the world drips with irony today

More than other days, that is.

On Yom HaShoah, we find out that Bin Laden has been killed. Earlier that evening, at our Yom HaShoah shul program, we heard witness from an incredible man who had survived Auschwitz with a sense of humor that most people could not even dream of, much less his incredible memory. And we came home and we puttered around and then we heard the news, which opened the floodgates of irony.

As stated on Muqata:

America assassinated a terrorist yesterday. One who wasn’t a ticking bomb at the time. The US has no problem admitting they sent the team in to kill, not capture the terrorist. A human shield (willing or not, is unknown) was killed in the process. And the terrorist’s body was dumped into the sea.

You can guarantee, that unlike in Israel, the soldiers who killed the human shield won’t be tried in a civil or military court for that, or even berated. You can guarantee that the politicians are not debating if Osama should have been captured instead of killed – even if he wasn’t a ticking bomb at the time. And you can guarantee that no one is complaining how the US treated the terrorist’s body.

But we have to be kidding ourselves if we feel safer today than we did yesterday before we knew it had happened. We have to be kidding ourselves if we don’t think that there will be any lack of candidates of fools to take his place. And we have to be kidding ourselves to think that this ushers in any kind of peace initiative, that these bad guys will put down their arms and say let’s join arms and hands and kumbaya away the night.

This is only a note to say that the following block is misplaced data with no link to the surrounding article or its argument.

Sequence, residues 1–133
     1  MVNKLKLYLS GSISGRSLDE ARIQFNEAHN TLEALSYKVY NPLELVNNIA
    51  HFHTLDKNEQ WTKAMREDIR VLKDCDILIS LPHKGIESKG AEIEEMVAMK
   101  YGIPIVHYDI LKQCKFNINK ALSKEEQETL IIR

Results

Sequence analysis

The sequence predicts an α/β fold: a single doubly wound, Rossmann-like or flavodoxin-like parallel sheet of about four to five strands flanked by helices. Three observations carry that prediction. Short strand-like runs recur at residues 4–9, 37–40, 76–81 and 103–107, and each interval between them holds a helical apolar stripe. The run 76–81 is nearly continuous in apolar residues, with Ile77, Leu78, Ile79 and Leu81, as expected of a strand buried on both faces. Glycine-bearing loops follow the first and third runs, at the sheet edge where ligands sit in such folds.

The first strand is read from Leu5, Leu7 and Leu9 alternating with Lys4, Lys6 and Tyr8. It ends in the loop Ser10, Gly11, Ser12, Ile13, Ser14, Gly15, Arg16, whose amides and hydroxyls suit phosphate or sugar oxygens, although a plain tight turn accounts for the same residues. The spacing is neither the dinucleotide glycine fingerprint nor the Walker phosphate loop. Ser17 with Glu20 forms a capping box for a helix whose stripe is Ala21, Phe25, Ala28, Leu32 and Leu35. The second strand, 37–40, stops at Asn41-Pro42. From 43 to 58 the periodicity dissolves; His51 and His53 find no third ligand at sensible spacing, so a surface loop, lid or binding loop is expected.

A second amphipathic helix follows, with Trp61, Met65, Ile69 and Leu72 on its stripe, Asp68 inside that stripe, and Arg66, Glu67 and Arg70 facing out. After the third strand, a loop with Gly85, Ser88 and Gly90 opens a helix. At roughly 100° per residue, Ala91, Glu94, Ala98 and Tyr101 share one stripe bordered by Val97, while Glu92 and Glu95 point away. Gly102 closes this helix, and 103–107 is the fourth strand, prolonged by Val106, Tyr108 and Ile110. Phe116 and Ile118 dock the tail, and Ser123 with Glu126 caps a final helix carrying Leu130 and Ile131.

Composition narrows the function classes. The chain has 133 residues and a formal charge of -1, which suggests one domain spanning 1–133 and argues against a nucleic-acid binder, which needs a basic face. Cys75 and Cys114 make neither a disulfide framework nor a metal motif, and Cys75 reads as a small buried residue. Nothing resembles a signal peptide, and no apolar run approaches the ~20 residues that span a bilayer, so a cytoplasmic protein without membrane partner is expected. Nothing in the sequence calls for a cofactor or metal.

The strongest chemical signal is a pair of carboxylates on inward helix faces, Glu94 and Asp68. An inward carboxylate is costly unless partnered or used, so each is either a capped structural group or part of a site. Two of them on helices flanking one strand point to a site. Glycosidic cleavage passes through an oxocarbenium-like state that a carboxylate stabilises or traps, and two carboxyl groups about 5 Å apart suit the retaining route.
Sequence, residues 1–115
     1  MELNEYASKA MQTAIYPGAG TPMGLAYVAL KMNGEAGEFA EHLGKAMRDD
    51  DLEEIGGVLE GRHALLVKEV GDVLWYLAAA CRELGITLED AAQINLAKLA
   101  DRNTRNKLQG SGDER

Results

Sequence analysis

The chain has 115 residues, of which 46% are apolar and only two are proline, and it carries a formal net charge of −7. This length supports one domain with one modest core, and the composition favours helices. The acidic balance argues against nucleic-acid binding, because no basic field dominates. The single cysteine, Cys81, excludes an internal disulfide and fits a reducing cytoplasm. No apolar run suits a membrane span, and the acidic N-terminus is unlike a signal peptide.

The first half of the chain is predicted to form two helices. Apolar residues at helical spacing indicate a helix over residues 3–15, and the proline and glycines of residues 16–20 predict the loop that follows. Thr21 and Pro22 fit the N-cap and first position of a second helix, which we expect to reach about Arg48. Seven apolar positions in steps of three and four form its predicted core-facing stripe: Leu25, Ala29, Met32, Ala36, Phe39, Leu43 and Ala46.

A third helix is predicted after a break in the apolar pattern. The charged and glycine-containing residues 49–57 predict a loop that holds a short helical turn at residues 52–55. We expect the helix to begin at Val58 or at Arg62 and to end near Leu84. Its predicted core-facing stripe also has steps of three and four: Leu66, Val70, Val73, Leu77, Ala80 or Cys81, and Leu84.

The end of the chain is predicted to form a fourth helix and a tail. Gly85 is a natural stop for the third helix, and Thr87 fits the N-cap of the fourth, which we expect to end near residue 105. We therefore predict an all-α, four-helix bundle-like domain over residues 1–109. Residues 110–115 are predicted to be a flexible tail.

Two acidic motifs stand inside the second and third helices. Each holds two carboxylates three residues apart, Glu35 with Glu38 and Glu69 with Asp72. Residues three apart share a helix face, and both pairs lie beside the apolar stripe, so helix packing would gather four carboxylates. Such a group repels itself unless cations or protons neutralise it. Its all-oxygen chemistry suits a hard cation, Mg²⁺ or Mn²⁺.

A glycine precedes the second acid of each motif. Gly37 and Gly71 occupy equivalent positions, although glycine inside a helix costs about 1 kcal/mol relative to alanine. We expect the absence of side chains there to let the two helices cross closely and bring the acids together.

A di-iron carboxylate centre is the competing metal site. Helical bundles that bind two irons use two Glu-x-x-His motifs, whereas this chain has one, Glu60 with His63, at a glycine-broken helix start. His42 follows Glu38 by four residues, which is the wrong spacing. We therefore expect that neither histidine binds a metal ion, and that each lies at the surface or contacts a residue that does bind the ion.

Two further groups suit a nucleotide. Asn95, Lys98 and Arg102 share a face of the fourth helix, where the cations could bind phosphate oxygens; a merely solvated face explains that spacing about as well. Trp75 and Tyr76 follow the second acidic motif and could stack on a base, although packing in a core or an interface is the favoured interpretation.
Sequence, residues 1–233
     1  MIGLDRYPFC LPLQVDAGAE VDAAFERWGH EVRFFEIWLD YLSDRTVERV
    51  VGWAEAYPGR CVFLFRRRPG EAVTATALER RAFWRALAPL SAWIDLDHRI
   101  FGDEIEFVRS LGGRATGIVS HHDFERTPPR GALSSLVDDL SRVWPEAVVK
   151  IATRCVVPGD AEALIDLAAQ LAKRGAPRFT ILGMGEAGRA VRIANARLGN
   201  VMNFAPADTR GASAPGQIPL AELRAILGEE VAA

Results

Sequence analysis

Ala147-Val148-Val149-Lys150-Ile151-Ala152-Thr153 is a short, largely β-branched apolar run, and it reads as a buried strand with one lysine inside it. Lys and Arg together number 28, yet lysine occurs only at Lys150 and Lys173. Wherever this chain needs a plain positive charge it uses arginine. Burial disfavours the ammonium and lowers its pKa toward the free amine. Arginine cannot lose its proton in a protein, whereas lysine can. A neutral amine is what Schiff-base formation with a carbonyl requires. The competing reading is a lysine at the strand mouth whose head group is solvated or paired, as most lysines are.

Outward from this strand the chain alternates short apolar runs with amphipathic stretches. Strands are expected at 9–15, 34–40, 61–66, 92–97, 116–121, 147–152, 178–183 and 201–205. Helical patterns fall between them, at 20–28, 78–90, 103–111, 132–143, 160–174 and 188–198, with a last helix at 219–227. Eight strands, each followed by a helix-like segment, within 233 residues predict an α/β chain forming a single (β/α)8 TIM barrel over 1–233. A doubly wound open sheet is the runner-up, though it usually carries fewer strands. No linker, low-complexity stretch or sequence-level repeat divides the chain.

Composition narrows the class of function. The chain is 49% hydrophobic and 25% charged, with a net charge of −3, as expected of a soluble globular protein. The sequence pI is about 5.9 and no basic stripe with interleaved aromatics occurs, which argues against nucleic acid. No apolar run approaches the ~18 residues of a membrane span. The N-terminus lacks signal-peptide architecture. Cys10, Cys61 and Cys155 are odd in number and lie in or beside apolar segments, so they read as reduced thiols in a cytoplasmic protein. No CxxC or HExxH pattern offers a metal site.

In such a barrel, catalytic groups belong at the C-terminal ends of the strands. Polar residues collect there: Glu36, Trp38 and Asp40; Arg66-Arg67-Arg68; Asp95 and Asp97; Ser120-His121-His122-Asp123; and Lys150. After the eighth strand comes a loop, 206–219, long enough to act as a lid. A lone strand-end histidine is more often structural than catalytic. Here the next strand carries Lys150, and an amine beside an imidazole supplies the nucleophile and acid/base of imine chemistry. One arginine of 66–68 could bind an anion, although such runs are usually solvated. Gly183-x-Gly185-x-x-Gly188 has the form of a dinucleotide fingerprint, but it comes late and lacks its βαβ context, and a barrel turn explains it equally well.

We have a right to celebrate the death of an evil man. On Rav Aviner’s website was posted his response to Arafat’s death, and this is part of what he said:

It is also true that when the angels wanted to sing and join with the song of the Children of Israel after the Splitting of the Red Sea, the Master of the Universe prevented them, saying: “My handiwork has drowned in the sea and you are singing a song?” (see Sanhedrin 39b and Megillah 10b). This is correct, and yet the Children of Israel did sing! How so? We are not angels. As the Admor of Pisetzna, Rav Kalman Kalonymus Shapira, wrote during the Holocaust (see “Aish Kodesh”): Was an angel ever hit? Was an angel ever murdered? Was an angel ever humiliated? We were! The angels did not suffer as we did in Egypt, so they could not sing. But we did suffer — suffered immensely — and therefore during the Exodus from Egypt “Moshe sang.” And Miriam and the women also went out with singing and dancing after the Splitting of Red Sea and the drowning of the Egyptians. And so, for Arafat, as for the Egyptians, we say, “and joy went through the camp” (Melachim 1 22:26) and we say “when the wicked perish, there is joy” (Mishlei 11:10).

May we be comforted by the building of Jerusalem.

I like that last line, in particular.

It adds to the irony of the day that Rav Shapiro, of course, was killed during the Holocaust, yet his words do live on.

So here’s an extra helping of irony. This suburb of Islamabad where Mr Osama had been holed up for at least a few months, living probably very comfortably, was founded by a British officer, Abbott.

Like much of the region, Abbottabad has long been a theater of sectarian and religious rivalry. Back in the mid-19th century a British officer named Maj. James Abbott brought peace to an area that saw violent confrontations between its Sikh and Muslim populations. Abbott’s contribution was recognized when the town was named after him.

And how do they treat the Sikhs today? And how do the Muslims treat anyone who is not them? And when will they notice the double-standard that the world keeps imposing upon us Jews?

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